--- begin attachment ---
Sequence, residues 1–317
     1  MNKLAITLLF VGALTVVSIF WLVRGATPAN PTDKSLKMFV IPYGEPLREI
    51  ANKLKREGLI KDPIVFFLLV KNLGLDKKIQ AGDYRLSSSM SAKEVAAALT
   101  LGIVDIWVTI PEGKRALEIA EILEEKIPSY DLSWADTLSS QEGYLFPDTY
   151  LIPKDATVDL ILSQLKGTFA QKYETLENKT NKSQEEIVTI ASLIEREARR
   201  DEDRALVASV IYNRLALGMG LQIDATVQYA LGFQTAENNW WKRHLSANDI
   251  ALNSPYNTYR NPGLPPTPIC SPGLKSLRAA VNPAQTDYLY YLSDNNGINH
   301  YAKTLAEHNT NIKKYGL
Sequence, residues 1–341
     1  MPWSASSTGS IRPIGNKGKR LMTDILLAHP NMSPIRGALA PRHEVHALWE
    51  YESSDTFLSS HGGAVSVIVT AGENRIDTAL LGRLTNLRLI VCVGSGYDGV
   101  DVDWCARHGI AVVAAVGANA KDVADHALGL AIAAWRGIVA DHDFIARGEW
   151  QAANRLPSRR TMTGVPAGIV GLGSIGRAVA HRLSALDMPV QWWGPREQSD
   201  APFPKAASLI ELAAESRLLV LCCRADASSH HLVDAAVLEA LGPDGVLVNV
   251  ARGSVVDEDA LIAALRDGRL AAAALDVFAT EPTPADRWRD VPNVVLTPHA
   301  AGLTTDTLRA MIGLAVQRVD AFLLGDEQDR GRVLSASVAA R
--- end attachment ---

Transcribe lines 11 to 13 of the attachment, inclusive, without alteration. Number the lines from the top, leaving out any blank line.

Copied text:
    51  YESSDTFLSS HGGAVSVIVT AGENRIDTAL LGRLTNLRLI VCVGSGYDGV
   101  DVDWCARHGI AVVAAVGANA KDVADHALGL AIAAWRGIVA DHDFIARGEW
   151  QAANRLPSRR TMTGVPAGIV GLGSIGRAVA HRLSALDMPV QWWGPREQSD